All this said, I think that the factors dissuading certain participants are ones that run very deep in our discipline and, while I think my suggestions here may be reasonably useful, commonsense ones, facilitators experienced in dealing with these sorts of issues would have a far better idea of just what would make the most difference and how best to implement such strategies in the specific context of philosophy.

    (Re. disability—I noticed the term “dumb” in the guidelines, which is a rather ableist term. Possible alternatives could be, “overly obvious”, “basic”, “perhaps obviously wrong”, or the like.)

    Thanks again for your work on this! I think it’s a valuable project.

  9. Rachel writes that “some topics and discussions are themselves perpetuating and participating in oppression,” and do not therefore merit rational engagement. Two questions:
    1. How do you know what these topics and discussions are?
    2. Can two rational agents disagree about whether a given topic or discussion is perpetuating and participating in oppression?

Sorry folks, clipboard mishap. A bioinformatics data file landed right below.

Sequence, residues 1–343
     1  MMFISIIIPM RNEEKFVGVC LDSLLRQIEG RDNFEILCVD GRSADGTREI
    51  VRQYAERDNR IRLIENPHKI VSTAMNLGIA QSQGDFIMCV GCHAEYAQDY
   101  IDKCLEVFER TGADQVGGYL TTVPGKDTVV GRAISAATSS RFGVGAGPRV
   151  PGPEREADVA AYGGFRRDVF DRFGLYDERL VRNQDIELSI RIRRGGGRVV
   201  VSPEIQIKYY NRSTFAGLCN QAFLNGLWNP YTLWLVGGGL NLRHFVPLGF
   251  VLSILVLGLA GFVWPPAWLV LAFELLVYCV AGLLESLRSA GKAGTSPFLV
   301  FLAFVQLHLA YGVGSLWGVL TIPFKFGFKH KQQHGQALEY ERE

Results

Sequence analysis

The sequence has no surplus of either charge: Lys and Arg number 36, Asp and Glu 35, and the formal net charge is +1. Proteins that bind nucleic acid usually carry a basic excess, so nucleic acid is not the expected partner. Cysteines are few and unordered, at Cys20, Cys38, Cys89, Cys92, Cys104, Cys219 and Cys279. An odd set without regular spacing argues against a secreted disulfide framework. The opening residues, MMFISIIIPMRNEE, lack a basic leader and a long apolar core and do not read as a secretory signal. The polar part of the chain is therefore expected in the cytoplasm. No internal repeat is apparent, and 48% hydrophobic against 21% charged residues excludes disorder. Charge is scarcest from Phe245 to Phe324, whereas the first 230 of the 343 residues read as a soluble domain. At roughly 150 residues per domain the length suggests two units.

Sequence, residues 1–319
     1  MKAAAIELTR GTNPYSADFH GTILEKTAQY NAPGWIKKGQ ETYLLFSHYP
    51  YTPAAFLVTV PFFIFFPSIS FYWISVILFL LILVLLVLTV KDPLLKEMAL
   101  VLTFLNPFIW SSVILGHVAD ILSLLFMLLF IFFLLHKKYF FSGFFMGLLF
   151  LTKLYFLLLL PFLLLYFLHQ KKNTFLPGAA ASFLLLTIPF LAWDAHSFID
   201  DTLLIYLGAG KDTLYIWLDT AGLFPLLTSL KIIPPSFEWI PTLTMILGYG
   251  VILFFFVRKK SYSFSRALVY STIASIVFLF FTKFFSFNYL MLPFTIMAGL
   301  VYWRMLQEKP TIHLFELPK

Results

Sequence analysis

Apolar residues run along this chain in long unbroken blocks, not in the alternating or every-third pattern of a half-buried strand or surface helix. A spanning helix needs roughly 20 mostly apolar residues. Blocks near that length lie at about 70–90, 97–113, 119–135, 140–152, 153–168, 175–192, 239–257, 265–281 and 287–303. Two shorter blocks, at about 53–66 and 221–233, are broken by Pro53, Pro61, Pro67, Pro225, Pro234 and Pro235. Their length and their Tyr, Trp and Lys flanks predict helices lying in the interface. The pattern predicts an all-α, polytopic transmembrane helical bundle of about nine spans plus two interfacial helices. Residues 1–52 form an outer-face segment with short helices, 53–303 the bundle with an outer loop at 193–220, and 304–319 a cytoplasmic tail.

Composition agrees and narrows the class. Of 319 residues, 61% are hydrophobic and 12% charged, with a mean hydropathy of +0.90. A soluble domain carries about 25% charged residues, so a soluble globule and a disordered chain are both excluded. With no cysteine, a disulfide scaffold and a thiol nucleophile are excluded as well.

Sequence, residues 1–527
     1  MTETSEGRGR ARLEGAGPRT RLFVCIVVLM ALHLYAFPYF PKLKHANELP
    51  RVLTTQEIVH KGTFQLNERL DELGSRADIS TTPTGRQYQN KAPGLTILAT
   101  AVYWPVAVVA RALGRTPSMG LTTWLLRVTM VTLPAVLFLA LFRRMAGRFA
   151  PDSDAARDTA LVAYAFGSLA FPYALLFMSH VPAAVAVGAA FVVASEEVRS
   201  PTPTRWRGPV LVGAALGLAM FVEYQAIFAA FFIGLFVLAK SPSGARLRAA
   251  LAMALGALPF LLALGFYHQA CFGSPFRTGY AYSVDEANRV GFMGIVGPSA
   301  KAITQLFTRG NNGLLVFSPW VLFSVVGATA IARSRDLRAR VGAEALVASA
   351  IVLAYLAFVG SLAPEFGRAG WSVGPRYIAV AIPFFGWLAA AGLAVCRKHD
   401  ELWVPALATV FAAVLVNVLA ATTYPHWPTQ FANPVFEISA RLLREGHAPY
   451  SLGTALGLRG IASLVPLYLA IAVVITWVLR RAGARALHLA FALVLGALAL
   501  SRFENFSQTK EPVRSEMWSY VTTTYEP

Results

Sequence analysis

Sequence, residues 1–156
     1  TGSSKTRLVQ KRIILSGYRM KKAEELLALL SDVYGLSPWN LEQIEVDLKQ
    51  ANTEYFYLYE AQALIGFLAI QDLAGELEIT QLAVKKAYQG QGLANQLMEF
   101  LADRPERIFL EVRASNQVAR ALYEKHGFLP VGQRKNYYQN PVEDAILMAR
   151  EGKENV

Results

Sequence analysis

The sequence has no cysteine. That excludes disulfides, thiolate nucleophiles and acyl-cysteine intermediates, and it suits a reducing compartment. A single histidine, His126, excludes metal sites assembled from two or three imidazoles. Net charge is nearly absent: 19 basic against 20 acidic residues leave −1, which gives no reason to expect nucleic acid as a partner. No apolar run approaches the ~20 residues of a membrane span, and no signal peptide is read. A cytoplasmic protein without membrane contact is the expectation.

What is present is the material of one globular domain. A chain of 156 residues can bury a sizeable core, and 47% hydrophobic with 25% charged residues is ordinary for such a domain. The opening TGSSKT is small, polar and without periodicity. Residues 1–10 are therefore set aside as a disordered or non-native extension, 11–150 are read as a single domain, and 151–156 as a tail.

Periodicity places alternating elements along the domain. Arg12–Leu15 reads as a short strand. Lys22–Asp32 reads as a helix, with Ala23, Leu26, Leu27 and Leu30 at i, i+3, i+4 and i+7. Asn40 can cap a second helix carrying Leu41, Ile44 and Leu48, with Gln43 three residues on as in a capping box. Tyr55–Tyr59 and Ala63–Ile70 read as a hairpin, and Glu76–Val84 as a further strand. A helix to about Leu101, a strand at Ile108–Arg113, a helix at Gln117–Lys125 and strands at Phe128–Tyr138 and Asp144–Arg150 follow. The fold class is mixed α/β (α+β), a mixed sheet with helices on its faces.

10. 1. Because oppressed people say so, and I trust their testimony and epistemic authority.
    2. Yes and no. They can be rational, but one may still be wrong. I take feminist standpoint epistemology seriously. One’s social location may make it difficult to come to know something, even if they’re being “rational.” This is why extra weight should be given to the testimonial claims of people in the oppressed groups.

    Now you’ll say that you’re a member of one or more of those groups. Granted! But your experience isn’t everyone’s. And if you don’t experience oppression by the discussion of a particular topic, then awesome! Yay you! But others do. I’m more focused on them.

  11. “Object to theses, don’t object to people”
    I’d like to propose one related to this: don’t treat criticism of your thesis as though it was an attack on yourself.
    Though that kind of loops back around, since I have definitely seen people claim to be only criticizing ideas when they really are insulting people.